Website of poet Elizabeth Rimmer


  • sunny morning

    Today is sunny again after yesterdays heavy rain, which is good, because this afternoon a man is going to go up on our roof to see why our chimney liner bangs in the wind. he wanted to go up last night at ten o’clock (in the rain, in the wind, with a torch that wasn’t working)and I think invoking the dreaded health and safety was for once quite in order. If all goes well we will be able to light a fire for the first time this year on Friday when the hearth cement dries out. Only a month later than the firm originally promised. And I will be able to get all the books back in the sitting room, and roll back the carpet and take off all the dust-sheets. Winter can start.

    Of course all this dealing with tradesmen takes a toll on the work, which is heading nicely towards the concept stage (ie no actual words written yet)and so does family history.

    This photo is of Grace Dieu House, which has figured in family history since my great-grandmother’s time.
    I discovered last week that my great-great-grandfather, who features in The Green cliffs of Moher was on the White Star Line ship The Atlantic which went down in March 1873, with the biggest loss of life at sea right up until the Titanic.And I’m still digesting the profound impact of seeing where I came from – both country and people. It explains so much, fills in so many gaps, makes sense of so many anomalies. It would be too much to say I felt I’d come home – I didn’t. But it showed me the sub-conscious bench-mark I’ve carried with me for what home should be like.

  • back from holiday

    I have been to Ireland and found my heritage, in terms of family history, culture, and some art forms I am surely going to incorporate into my work over the next few months. The weather was lovely, which was the first time you could say that since May, and we saw the Bru n-a Boinne and Tara, Glendalough, Cashel, Dublin,Kilkenny and Waterford. I can’t believe how much we packed in. There was music, history, landscape, some very kind and friendly people some good, and some very very bad food, a lovely cottage, and a pub session. Yes, I did sing. And if you push it, I’m going to do it again.
    The picture is by Paul Rimmer, and features the waterfall at Powerscourt, which is apparently the highest in the British Isles.

  • playing with Lucy

    Not much work is getting done today as I am spending it with my grand-daughter. Saracen Woman is recovering from the shock it got from agents. Note the change in title. Who was I kidding – it was always Mab’s story.
    The next novel is growing at the back of my mind. I’m thinking of calling it Recusant. It’s going to be a bit Jungian, and about music.
    But I’m also thinking about poetry for Lúcháir. There are several poems about water happening.

  • well done daughters

    Naomi graduated last Thursday, and it was brilliant. She got a first! She didn’t tell us, at first because she was waiting for confirmation and then because she expected it to be announced (which it wasn’t). So afterwards she said, Oh, you haven’t seen this’, and flashed the certificate and there it was.
    An utterly wonderful moment.
    Katherine and grand-daughter were there too, which was lovely.
    Looking over poems this morning, trying to work out what needs revising, what could go on the lúcháir blog and what could be sent out. It’s a whole new way of thinking and constructing thought and playing with language, and now my brain is waking up again after all the arthritis nonsense, I am loving it.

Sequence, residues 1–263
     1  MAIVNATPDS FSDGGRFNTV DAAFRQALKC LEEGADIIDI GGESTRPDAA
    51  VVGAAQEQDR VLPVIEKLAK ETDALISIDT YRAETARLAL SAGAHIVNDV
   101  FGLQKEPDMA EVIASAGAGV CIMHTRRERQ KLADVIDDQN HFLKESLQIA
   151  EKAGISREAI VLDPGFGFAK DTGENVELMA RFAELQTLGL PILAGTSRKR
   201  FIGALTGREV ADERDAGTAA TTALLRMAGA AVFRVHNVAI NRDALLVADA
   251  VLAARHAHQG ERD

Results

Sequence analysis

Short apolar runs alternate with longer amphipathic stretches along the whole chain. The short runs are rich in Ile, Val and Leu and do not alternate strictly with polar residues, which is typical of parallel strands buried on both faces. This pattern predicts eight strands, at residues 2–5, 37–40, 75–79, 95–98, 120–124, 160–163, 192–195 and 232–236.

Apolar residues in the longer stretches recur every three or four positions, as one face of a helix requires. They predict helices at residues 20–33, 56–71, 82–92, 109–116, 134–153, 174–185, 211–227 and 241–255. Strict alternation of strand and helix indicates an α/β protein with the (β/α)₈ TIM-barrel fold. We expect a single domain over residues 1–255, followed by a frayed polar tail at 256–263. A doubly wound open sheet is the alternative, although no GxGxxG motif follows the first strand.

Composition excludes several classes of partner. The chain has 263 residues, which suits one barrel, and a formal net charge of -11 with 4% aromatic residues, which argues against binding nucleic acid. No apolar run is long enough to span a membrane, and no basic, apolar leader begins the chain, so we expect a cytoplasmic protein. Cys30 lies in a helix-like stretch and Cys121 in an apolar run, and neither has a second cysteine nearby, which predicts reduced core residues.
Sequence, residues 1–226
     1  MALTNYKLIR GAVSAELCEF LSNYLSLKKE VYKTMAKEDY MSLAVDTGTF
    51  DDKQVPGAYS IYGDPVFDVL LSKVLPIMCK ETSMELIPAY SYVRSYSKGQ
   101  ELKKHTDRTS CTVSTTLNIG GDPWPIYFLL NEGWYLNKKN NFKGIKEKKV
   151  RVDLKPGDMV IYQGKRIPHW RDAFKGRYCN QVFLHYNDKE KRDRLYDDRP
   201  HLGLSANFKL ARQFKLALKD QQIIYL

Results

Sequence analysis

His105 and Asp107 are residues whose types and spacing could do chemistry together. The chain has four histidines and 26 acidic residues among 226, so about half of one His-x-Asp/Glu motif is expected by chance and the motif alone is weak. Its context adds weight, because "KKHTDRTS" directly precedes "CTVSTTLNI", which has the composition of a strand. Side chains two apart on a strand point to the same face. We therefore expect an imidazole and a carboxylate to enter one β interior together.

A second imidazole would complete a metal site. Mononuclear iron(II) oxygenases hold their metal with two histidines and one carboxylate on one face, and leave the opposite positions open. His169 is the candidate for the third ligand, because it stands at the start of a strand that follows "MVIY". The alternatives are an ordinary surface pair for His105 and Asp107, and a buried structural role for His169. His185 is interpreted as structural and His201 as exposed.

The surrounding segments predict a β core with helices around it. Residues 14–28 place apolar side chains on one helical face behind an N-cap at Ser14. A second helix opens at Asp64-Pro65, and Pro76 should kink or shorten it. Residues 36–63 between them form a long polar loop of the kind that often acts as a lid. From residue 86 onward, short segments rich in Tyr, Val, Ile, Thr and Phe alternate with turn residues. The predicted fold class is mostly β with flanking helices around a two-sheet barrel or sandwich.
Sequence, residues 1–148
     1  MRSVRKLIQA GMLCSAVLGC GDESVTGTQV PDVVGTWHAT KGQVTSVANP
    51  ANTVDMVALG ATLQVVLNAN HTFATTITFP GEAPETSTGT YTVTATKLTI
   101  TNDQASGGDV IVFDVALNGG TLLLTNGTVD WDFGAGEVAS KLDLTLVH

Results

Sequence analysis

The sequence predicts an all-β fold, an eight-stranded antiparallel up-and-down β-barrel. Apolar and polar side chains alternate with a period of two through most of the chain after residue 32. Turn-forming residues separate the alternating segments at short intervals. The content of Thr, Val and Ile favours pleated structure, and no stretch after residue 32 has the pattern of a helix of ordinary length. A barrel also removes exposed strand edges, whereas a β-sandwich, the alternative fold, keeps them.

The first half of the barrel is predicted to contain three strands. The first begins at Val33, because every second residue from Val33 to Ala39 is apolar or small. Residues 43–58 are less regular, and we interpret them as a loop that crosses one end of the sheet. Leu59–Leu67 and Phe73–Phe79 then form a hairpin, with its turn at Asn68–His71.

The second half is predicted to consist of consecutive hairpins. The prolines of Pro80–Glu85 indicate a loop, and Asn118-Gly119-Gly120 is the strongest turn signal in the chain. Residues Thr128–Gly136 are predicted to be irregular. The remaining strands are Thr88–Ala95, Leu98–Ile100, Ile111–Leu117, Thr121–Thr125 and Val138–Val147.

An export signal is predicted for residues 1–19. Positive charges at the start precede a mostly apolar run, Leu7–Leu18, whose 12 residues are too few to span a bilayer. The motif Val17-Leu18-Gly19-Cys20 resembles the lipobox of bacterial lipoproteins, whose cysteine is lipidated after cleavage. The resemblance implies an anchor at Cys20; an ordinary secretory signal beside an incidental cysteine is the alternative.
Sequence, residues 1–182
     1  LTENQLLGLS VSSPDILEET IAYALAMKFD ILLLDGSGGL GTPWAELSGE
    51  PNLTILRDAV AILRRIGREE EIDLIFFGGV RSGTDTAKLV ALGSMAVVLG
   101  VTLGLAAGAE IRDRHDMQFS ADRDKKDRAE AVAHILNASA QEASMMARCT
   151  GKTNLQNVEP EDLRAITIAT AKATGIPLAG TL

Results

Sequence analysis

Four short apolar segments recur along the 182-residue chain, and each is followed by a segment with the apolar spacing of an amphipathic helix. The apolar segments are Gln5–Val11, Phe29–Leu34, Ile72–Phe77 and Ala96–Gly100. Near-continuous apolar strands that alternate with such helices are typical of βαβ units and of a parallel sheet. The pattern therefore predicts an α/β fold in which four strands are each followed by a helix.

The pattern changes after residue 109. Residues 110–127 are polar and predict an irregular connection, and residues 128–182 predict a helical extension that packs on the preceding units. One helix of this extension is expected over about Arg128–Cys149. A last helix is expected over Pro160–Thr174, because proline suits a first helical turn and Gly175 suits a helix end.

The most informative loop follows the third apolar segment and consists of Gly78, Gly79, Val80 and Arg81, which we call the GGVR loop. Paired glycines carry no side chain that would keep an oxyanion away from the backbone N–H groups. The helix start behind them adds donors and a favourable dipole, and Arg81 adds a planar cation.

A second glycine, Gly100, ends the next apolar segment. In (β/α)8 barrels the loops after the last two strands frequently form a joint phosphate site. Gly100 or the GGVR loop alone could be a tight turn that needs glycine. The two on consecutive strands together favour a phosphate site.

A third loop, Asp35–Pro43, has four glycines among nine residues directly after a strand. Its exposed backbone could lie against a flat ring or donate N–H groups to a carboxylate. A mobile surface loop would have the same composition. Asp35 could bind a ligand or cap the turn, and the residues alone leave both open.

• after the gap

    Blimey it’s a long time since I posted. It isn’t that I haven’t been working, though – at least it isn’t only that!
    We had family shenanigans, as some of us went to see Bruce Springsteen in Cardiff ( and yes, they were as impressed as all the people who have written in to Radio 2 were) and we all went to a silver wedding celebration. This involved mixing Granny, a five-month old baby, a lot of relations who don’t see each other very often, and someone’s new significant other – a recipe for trouble if ever you heard it! Actually, no. In fact it was all very enjoyable, though it felt like a very long journey home.
    Then there was all the catching up with the NHS. Don’t know why it is, but when you get one appointment you often find you have several all in a bunch. Like buses.
    But I have been working very hard on the revisions for Saracen Women, which are almost complete. I have discovered the temptations of cut and paste, which gives you the illusion of easy editing, but in fact just encourages you to think in terms of cool little pieces instead of a smooth flow and careful construction. It’s beginning to iron out, and I am beginning to feel pleased with it.
    Lúcháir is up and running now, though I have been rather slack at posting (same reasons, lame excuses). However, I am just going to remedy that one.

  • too much stuff

    This house is full of stuff. We have junk everywhere. Our papers now clutter three rooms and today I have community council work all over the sitting room floor and the kitchen table as well. We have Dom’s spiderman toys. We have half of Naomi’s stuff – and where we will put the rest when she finally comes home I don’t know. And we are both exploding out of our work spaces. I have had so many schemes for rationalising and de-cluttering, but I have reached the limit. I am going to have to get rid of books. There is no alternative.
    If it isn’t hurting, it’s not working.
    I put this on facebook, and SallyE got back to me saying there’s a good jumble sale in October. I wonder if I can persuade her to take things now?

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